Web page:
Writer, creator, and actress Gemma Bird Matheson wasn’t getting any acting roles – so she and co-creator Alexandra Keddie created their own TV series. The show, The Housemate, a tongue-in-cheek take on The Bachelor, began as a web series, but it soon went viral and was picked up by the ABC.
Of mixed Papua New Guinean, English, South African and Scottish descent, Gemma often found herself being stereotyped by casting directors. But by taking destiny into her own hands, Gemma has broken out of the tokenized ‘ethnic actor’ box and trailblazed her own path.
Now sitting on an advisory board to promote inclusivity and diversity in TV, Gemma has opened up opportunities for other actors struggling in an industry rife with gender and racial inequalities.
After traveling to LA for the illustrious Heath Ledger Scholarship and being featured by the likes of Vogue and Marie Claire, it’s no doubt we can expect to see much more of Gemma soon.
“A lot of the things I am writing and developing are really personal to me. They are about my life or my family. Essentially, they are stories which are not on Australian TV; things that I would have liked to seen as a mixed race girl growing up in Australia. These are the shows I wanted to watch, this is my driving force behind why I write,” she says. “If you’re not seeing yourself represented it can affect your sense of identity. Our world view is made up so much of what we see on TV and film.”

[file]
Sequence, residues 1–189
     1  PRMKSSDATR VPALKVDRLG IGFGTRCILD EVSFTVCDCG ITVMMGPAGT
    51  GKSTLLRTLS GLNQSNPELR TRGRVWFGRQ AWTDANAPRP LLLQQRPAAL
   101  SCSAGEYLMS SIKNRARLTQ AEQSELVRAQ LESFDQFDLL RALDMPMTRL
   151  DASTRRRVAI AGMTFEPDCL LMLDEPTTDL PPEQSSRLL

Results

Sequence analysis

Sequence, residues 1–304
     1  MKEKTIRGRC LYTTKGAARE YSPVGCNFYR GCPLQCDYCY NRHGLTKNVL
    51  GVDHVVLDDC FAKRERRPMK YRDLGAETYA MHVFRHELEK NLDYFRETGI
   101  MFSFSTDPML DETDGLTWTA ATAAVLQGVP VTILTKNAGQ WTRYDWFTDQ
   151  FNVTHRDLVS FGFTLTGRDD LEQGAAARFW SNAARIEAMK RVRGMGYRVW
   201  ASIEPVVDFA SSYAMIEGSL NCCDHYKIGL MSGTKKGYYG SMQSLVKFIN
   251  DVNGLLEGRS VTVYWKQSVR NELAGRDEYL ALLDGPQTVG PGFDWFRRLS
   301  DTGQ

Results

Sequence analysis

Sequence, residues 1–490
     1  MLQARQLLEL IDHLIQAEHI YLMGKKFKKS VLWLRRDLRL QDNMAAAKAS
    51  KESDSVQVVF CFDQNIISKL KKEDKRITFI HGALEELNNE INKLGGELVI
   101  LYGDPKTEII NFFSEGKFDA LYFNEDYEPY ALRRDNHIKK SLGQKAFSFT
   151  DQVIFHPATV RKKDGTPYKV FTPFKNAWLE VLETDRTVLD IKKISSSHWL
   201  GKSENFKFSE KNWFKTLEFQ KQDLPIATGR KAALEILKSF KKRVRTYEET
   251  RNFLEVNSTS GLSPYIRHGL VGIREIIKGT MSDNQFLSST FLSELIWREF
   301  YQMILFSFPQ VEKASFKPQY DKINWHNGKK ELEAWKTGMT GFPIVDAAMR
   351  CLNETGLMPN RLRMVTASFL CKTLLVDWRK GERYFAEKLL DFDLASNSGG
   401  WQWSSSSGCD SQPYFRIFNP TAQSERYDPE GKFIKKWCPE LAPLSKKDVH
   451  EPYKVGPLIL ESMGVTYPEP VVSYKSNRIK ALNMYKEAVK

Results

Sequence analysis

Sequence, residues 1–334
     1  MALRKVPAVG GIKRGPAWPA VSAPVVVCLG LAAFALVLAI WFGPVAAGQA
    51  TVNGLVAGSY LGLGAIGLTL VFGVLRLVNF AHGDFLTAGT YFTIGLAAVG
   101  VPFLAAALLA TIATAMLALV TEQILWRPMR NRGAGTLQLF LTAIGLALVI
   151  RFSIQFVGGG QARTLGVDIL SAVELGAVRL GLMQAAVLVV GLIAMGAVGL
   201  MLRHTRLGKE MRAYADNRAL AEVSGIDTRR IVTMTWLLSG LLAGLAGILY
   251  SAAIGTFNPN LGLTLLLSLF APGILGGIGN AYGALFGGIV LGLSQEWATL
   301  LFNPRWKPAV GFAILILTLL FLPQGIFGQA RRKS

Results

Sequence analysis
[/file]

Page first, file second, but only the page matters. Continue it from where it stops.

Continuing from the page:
You can stream The Housemate now on ABC iView.
QUESTIONS WITH GEMMA
Tell us about your show?
Alexandra Keddie and I co-created, co-wrote and co-starred in the series. We had been studying screenwriting and we both dropped out. We got to a point where we wanted to start working and we had so many young female friends in the same boat: so talented and not working.
We were initially going to do a play and we couldn’t find anything that we resonated with, so we decided to write a short film. We loved The Bachelorette, so we decided to write a parody on looking for a housemate over a love interest. Essentially we weren’t working, so we made our own show.
We uploaded a teaser on socials and within the first week we got 260k views, which was insane. We started sending it out and had huge responses with comments and people sharing it. The ABC called us within half an hour of sending it out, they called and said, “okay, we are making a TV show.”
Thoughts on diversity in Australian TV?
It has become a movement at the moment – it is so much more then ticking a box. Our world view is made up so much of what we see on TV and film, if you’re not seeing yourself represented it can affect your sense of identity.
What are some main issues affecting young women today?
The ability to own your power. As a women if you speak out, confident and assertive, you can be labelled in a negative way. This year is women going, “I know my value, I know what I want to say, I am not going to compromise. I am going to assert myself” – I think it’s important for women to be doing that.